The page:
Daughter of man who died after arrest in Atlanta recounts his final moments

GBI investigating use of force after 62-year-old father became unresponsive, later died
Johnny Hollman died after a "physical struggle" with Atlanta police, the GBI said.

Credit: Channel 2 Action News

Credit: Channel 2 Action News

Johnny Hollman died after a "physical struggle" with Atlanta police, the GBI said.

Johnny Hollman’s family has a rule: Always call a family member during an encounter with police.

That’s exactly what Hollman did Thursday night after officials said he was involved in a car wreck in southwest Atlanta. Police responded to the scene and Hollman quickly called his daughter, 47-year-old Arnitra Fallins, who told The Atlanta Journal-Constitution that she listened in on the incident between her father and officers as she drove to the scene to help.

“...He was saying, he couldn’t breathe. He was like, ‘I can’t breathe! I can’t breathe!’” she recounted the phone call Friday afternoon, less than 24 hours after Hollman died.

The GBI has opened an investigation into an Atlanta police officer’s use of force after the 62-year-old man became unresponsive while being taken into custody and later died at the hospital.

The police department requested an independent investigation Friday into the death, the GBI said in a statement. The state agency said Hollman and the arresting officer were involved in a physical struggle, but Hollman’s official cause of death has not been determined.

“The Atlanta Police Department has opened an internal investigation into the incident and the officer has been placed on administrative leave, as is standard policy,” a spokesman for the department said.

According to the initial investigation, police responded to the car crash at the intersection of Joseph E. Lowery Boulevard and Cunningham Place around 11:20 p.m. Hollman was about two minutes from his front door when the incident happened. He was driving home, chatting with his ex-wife on the phone after picking up chicken and apple pie from a gas station nearby, Fallins said.

“(My mother) said she heard him holler and he’s like, ‘Someone hit my (expletive) car.’ She said he jumped out of the car and the phone was going dead. So she was like, ‘OK, he’ll probably call me back,’” Fallins recounted her mother saying.

She waited for that call back, but it never came. Fallins was the person Hollman called instead. She rushed to the crash location in hopes of helping her father, who she said she could hear repeatedly yelling, “Help me! Help me!”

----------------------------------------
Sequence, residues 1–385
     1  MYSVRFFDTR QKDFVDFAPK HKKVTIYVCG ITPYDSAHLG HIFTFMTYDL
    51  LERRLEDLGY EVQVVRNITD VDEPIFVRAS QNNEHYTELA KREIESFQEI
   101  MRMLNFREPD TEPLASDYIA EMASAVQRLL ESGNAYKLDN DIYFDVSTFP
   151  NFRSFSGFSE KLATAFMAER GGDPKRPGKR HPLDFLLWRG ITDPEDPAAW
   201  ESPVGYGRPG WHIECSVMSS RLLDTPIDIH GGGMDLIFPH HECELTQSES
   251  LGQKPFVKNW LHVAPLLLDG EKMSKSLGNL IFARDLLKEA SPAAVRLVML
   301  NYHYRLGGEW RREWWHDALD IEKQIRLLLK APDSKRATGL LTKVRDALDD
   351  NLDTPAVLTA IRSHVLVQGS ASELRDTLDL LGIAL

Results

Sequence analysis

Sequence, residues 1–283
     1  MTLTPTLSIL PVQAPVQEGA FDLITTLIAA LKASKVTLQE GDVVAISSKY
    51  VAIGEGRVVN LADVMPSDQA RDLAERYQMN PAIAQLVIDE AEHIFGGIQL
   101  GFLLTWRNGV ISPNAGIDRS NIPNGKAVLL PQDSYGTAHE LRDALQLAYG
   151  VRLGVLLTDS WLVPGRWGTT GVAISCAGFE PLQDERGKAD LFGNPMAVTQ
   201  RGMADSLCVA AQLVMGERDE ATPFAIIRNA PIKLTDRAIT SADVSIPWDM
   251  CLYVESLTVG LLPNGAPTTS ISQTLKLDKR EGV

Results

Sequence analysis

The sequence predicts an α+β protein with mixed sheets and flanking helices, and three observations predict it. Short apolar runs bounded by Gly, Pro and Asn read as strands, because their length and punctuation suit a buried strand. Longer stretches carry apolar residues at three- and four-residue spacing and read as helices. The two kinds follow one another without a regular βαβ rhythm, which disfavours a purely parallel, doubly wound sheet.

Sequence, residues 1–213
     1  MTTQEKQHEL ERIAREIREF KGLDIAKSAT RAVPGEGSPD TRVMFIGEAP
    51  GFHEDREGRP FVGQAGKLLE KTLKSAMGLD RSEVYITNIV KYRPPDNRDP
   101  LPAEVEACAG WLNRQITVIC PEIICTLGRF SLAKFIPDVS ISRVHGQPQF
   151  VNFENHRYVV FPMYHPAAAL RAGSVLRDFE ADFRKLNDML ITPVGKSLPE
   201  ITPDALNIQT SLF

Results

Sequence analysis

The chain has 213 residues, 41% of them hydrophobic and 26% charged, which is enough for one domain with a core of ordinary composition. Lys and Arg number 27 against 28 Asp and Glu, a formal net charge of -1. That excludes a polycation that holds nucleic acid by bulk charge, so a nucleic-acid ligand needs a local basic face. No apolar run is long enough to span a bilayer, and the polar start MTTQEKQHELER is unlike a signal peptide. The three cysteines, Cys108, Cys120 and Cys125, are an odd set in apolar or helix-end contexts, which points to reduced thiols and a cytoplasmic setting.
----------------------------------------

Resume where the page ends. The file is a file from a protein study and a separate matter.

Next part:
Hollman was determined to be the at-fault driver and became agitated when officers tried to issue him a traffic citation, Atlanta police stated. The GBI added that he “became non-compliant” and an officer tried to take him into custody. The man and the officer got into a physical struggle as Hollman refused to follow the officer’s commands, and the state agency said an officer used a Taser on him.

According to police, a witness then helped the officer put Hollman in handcuffs. The GBI said it was at that point investigators “determined that Hollman had become unresponsive.”

It took 17 minutes for Fallins to get to the scene, she said, and at that point authorities were already trying to resuscitate her father. She said she remembers seeing him on the ground surrounded by emergency medical personnel before he was taken to Grady Memorial Hospital, where he died.

Officials did not provide other details about the struggle and did not specify if Hollman suffered any injuries as a result. Fallins said she briefly got to see her father in the hospital. Holding back tears, she said her father was visibly injured.

“Some kind of injuries happened at some point. We don’t know what happened,” Fallins said, adding that “you could see he was looking swole. He wasn’t even that big, but he looked swole. And he looked bruised in his face.”

For the past 40 years, Hollman had been involved with the Lively Stones of God Ministries, which meets at the C.A. Scott Recreation Center on Martin Luther King Jr. Drive. He had also served as the chairman of deacons for 15 years.

As a father of five, a grandfather to 22 children, and a great-grandfather to others, he was always trying to catch up with his family. Fallins said he often recited the line, “My bad days are always good compared to somebody else’s.”

The Fulton County Medical Examiner’s Office will conduct an autopsy. Once the investigation is complete, the results will be turned over to the Atlanta Judicial Circuit’s District Attorney’s Office for review.

The GBI is asking the public for any details that could help determine the circumstances around Hollman’s death.

“We just want justice for our dad. My siblings and myself are just going through it because my dad called all of us, he called every last one of us yesterday,” Fallins said.

Anyone with information is asked to contact the GBI regional investigative office in Conyers at 706-388-5019. Anonymous tips can also be submitted by calling 1-800-597-TIPS (8477), by visiting the GBI’s tip website or by downloading the See Something, Send Something mobile app.